Updated: Jul 14, 2022
The glad demeanour and mischievous tones in Hunt's most shared and well known poems must come from the cheerful, sensitive and perceptive nature he was known for.
Jenny kiss’d me when we met, Jumping from the chair she sat in; Time, you thief, who love to get Sweets into your list, put that in! Say I’m weary, say I’m sad, Say that health and wealth have miss’d me, Say I’m growing old, but add, Jenny kiss’d me. —[Jenny Kiss'd Me]
Poems such as Jenny Kiss'd Me and The Glove and the Lions hit a relatable note with the readers for its simplicity and playful themes. Hunt is a central figure of the English Romantic Movement. He earned great admiration as a poet, essayist and literary critic.
Although Hunt's name does not figure on the top of the list as the most revered poets of the Romantic Movement, his contribution cannot be excluded. His role in discovering and introducing the most celebrated poets and writers of the period forms the foundation of the Romantic Movement; Robert Browning, Percy Bysshe Shelly, Alfred Tennyson, John Keats, William Hazlitt, Charles Dickens, Charles Lamb and so on were recognised and brought to the centre stage through his work as a literary critic and journalist.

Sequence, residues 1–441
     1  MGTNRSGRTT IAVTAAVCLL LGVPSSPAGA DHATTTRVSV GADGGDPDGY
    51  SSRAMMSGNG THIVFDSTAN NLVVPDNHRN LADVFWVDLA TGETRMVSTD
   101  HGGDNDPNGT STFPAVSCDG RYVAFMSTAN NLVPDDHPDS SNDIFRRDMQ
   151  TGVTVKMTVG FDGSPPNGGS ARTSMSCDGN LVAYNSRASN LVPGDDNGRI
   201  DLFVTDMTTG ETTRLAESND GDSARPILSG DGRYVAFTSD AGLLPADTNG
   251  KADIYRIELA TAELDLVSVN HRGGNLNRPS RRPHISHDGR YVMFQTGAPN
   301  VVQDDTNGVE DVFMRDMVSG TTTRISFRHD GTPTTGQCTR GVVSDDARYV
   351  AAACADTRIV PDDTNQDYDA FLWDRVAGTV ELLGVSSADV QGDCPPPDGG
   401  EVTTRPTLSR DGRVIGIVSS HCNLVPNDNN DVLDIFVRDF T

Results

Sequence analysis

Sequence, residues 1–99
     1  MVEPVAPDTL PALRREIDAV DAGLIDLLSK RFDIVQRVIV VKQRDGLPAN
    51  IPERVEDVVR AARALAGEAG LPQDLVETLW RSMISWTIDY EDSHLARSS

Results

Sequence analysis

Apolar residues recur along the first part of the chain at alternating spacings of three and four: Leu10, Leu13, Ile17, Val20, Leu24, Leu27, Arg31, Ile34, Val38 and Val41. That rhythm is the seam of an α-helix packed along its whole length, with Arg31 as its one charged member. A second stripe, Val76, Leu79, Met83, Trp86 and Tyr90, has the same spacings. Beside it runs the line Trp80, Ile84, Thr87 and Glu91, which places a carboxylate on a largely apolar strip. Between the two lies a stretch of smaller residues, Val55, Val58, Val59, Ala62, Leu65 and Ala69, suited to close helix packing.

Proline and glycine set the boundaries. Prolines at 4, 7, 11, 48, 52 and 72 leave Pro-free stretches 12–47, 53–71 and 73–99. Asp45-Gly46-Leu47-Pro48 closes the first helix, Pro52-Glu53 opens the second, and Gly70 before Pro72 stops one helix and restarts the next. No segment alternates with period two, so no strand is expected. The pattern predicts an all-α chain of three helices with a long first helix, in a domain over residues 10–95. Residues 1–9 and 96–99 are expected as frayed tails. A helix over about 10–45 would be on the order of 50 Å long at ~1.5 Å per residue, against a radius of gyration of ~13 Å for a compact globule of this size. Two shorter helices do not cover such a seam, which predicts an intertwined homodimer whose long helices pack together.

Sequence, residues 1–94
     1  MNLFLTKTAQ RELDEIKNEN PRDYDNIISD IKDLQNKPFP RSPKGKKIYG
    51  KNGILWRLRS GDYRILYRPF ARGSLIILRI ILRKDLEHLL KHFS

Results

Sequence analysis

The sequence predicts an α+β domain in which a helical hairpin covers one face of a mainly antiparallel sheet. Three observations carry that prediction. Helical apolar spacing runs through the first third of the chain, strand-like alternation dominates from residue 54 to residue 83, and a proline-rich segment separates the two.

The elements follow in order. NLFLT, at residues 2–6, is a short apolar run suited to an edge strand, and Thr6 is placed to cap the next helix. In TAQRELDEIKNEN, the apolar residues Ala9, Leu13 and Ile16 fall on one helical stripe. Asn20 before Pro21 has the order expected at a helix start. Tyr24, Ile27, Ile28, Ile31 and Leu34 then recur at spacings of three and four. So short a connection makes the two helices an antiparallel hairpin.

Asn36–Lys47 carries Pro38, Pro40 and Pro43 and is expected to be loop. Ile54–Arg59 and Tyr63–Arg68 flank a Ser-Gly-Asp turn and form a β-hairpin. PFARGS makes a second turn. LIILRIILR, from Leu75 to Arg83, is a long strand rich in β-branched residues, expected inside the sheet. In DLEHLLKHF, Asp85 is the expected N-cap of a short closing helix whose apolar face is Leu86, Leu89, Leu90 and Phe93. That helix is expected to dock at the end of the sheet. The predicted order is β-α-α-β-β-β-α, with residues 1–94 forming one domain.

Hunt continued his literary activities to the end despite all the adversities his later life had in store for him. In fact, Hunt was forced to continue his literary activities in order to make ends meet. Tormented by debts and poverty Hunt and his family of seven struggled, but aids were at his disposal eventually, as annuity from his deceased friend Shelley and as pension funds that Lord John Russell had set up for him. Aged 74 Hunt died in 1859 in Putney, London.
You can listen to Hunt's poem Song of Fairies Robbing an Orchard on O's podcast